So the lovely people of the band Glovebox dropped in for an interview this evening. It went well i think. If you can’t get a band to laugh and talk about politics then what is the point. Oh, and they are from Australia. I taught them how to properly pronounce the word “no” and in turn they taught me that Melbourne is pronounced Mel-bun. Good times. Too band they were just passing through San Francisco. Makes me wonder if we aren’t a bunch of hicks out of touch and fooling ourselves.

Rock on and long live the greats music of the 80s.

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Revisiting a Classic: Cocteau Twins’ “Victorialand” LP (4AD) on the 20th Anniversary Of Its Release

Cocteau Twins debuted in 1983 out of Glasgow, Scotland and quickly became one of the most highly influential and innovative bands in the era’s post-punk movement. Setting them apart were their bold ventures into various new sounds and a uniquely creative approach to their music production; at first rendering them as dark and atmospheric, and later as lush and ethereal, moody and psychedelic. Moreover, their indecipherable lyrics, cryptic album cover art, and their notoriety for being press-shy only contributed to their air of mystery.
This year marks the 20th anniversary of their fourth release, “Victorialand” on 4AD, thus inspiring me to revisit this pivotal moment in the Twins’ career. The tone and mood for this album was decidedly more thematic: a consistent, more relaxed sound full of lush and haunting melodies without the use of percussion and a more subtle bass. Tracks such as “Lazy Calm” (the album’s opener) and “Fluffy Tufts” manage to convey just what their titles suggest. Even if you don’t know what a “tuft” is or how it could be “fluffy”, one can’t help but simply imagine it…and that is the magic of Cocteau Twins and the beauty of this record. The fluidity of the guitar on “Oomingmak” is like a steady, wave of what I call ‘emotional gradation’, to which vocalist Elizabeth Frasier’s oft-said “other-worldly” voice heavily contributes. The arrangements on “Feet-like Fins” and “How to Bring a Blush to the Snow” display their knack for being unconventional and abstract, all the while remaining beautiful. All eight tracks on this album convey a kind of melancholia that somehow seems inspiring and full of hope. 20 years doesn’t seem to have aged this album a bit.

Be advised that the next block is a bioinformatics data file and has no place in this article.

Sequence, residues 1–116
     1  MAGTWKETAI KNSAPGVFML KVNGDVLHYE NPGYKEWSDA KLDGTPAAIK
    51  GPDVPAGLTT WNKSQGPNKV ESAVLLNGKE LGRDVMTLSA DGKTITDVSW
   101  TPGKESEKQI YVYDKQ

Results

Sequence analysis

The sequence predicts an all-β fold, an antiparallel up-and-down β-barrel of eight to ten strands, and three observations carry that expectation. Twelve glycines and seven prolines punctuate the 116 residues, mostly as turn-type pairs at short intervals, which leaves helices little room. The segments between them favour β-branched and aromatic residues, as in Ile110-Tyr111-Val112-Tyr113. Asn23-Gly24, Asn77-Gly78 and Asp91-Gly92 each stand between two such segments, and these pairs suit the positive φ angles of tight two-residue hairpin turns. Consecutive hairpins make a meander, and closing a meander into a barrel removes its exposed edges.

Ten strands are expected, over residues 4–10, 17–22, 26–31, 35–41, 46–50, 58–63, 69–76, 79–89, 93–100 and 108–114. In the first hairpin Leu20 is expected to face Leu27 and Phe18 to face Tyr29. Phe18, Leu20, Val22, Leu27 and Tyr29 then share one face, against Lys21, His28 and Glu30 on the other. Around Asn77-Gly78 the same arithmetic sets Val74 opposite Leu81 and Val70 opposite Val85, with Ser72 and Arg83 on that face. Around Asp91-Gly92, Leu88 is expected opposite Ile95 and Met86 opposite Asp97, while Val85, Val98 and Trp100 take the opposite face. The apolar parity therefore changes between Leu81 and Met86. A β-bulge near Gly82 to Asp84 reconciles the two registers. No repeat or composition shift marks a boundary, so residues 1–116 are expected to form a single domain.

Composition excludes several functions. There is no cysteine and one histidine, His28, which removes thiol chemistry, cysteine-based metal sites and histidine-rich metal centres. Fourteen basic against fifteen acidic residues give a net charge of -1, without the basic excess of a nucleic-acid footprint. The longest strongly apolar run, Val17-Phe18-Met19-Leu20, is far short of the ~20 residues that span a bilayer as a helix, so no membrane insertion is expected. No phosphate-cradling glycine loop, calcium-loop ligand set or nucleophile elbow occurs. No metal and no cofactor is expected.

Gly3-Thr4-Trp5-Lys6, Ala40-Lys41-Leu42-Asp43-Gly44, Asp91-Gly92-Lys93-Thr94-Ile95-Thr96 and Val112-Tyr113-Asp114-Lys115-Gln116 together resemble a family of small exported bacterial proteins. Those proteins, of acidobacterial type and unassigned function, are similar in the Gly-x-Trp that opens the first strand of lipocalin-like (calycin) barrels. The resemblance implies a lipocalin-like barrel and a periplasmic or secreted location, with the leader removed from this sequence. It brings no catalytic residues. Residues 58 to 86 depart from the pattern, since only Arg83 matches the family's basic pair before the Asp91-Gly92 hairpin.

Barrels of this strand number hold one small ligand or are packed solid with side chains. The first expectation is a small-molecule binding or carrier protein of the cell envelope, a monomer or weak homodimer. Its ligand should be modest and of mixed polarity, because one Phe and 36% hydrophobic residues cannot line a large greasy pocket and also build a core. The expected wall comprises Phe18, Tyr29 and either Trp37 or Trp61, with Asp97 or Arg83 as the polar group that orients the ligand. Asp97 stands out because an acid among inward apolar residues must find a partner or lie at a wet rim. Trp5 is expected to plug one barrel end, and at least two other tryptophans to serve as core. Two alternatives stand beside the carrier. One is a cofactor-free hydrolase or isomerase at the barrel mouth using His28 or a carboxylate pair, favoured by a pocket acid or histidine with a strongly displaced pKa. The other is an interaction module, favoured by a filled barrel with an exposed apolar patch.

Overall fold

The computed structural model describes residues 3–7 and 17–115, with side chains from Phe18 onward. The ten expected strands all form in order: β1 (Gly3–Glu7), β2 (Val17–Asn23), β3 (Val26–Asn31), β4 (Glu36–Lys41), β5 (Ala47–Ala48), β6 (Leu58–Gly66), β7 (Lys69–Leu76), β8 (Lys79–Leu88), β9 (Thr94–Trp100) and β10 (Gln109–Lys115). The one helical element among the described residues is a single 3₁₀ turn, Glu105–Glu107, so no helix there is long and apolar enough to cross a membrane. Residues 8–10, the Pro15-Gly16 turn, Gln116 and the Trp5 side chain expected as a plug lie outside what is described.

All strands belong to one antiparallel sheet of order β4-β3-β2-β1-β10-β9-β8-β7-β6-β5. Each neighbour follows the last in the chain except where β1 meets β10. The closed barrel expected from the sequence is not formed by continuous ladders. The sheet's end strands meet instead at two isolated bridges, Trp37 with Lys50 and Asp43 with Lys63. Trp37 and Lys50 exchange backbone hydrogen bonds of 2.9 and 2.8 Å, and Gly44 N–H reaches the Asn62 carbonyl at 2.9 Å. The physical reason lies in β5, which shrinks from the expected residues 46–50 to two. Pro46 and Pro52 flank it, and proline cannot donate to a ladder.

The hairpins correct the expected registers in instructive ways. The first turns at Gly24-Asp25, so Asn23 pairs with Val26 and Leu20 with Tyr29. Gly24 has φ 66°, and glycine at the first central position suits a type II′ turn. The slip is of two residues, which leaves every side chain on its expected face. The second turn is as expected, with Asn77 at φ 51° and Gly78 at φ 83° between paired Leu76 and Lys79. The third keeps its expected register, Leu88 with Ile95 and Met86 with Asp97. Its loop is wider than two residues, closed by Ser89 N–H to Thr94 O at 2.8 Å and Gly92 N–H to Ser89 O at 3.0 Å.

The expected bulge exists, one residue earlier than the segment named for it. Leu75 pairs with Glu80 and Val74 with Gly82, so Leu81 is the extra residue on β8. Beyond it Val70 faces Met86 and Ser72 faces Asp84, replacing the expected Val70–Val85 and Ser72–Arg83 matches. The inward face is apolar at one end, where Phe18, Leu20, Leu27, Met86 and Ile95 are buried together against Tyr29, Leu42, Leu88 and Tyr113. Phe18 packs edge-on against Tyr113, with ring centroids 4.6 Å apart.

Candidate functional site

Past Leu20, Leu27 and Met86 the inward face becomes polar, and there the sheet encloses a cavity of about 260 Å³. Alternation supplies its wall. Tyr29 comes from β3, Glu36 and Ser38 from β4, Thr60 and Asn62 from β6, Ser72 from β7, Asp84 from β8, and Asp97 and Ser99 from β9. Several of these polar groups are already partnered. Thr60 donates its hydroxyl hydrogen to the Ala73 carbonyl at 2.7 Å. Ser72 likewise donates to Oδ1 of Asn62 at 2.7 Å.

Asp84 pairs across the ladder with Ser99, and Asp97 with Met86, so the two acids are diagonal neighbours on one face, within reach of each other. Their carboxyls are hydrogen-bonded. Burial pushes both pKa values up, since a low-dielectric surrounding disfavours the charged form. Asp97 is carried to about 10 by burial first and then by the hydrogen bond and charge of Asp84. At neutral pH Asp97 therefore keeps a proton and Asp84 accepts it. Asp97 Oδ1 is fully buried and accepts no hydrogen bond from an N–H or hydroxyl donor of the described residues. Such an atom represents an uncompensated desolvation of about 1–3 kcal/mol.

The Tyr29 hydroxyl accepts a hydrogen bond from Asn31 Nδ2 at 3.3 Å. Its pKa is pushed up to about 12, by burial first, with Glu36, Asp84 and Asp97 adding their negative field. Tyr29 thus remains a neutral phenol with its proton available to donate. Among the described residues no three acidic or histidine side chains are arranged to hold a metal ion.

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X – Make the Music Go Bang